Move over the “girl next door” and say hello to the cute guy down the block. Carmen DeLeon’s newest single, “El Vecino,” counts the ways she loves thee as she sings about falling head over heels with her neighbor. What started as a missed connection turns into an infatuation, which the Venezuelan singer-songwriter channels into a catchy Spanglish pop track and equally bubbly music video. Her debut EP is just around the corner, and in August, she’ll be performing at Chicago’s Lollapalooza Festival. As her star keeps rising, it’ll be listener’s turn to have a crush on her and her music. — Juan J. Arroyo

SIMONA - “Fina y Eleganta”

Barcelona-based Argentine pop pixie SIMONA had a busy 2023, releasing her strobing debut Esfera de Amor and a subsequent remixes and edits tape mere months later. Now the soaring underground diva is kicking off a new era with “Fina y Eleganta,” a pummeling slice of Jersey Club that samples Daddy Yankee and booms like a rallying cry of independence. “Mi luz un destello no vuelve atrás / tu cruz solo vos la cargas,” shoots off SIMONA, drawing a brazen line in the sand for anyone ill-equipped to handle her undimmable light. – Richard Villegas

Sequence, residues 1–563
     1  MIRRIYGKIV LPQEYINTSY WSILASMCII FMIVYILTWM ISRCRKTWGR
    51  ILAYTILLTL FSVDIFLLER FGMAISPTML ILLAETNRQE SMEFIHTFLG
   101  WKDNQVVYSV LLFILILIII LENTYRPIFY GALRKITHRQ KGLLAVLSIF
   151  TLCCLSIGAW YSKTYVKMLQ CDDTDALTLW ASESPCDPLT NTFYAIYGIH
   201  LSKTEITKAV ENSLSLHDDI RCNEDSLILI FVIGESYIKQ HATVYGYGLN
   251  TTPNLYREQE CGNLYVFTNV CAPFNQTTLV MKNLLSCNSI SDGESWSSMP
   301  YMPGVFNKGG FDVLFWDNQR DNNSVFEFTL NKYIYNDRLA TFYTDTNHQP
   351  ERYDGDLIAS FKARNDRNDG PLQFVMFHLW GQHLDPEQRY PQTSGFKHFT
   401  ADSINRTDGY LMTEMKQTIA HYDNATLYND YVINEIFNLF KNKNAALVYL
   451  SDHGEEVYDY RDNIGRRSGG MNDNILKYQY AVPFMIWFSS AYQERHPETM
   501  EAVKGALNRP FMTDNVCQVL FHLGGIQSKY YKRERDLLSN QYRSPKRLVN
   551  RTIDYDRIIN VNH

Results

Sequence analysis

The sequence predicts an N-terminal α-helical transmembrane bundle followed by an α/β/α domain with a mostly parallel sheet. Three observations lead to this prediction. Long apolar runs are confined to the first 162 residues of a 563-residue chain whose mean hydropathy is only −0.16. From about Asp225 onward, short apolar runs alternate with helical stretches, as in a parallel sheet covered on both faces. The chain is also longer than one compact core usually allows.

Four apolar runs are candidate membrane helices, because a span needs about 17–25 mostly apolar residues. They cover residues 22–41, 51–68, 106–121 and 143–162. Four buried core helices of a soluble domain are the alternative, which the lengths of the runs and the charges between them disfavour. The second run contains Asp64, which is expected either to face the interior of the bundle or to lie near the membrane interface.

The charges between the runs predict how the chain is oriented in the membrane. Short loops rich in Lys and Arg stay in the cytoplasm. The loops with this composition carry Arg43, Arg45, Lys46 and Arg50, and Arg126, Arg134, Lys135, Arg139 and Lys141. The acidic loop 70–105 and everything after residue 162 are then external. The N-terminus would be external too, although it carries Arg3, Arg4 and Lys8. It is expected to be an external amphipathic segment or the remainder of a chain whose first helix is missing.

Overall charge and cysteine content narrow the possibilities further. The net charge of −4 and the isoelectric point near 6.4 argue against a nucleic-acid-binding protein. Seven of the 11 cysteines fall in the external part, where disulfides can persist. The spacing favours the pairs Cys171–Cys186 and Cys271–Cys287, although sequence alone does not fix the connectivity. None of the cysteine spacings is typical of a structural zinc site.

CA7RIEL & Paco Amoroso - “LA QUE PUEDE, PUEDE” 

Argentinean music-shifting, genre-less artists CA7RIEL and Paco Amoroso are back at it. The experimental, avant-garde duo’s newest offering is “LA QUE PUEDE, PUEDE,” a pop rave track that features hyper-pop elements driven by a throbbing and bouncy bass line. Known for their alternative and eccentric pop music – that frankly entrances the listener from the start – the duo is finally back to demonstrate how far they can innovate the impeccable electronic sounds that they’re known for. “LA QUE PUEDE, PUEDE” is the first taste of their upcoming debut album, BAÑO MARÍA, which promises a sonic playground for genres like drum and bass, pop rave, R&B, and more. – Jeanette Hernandez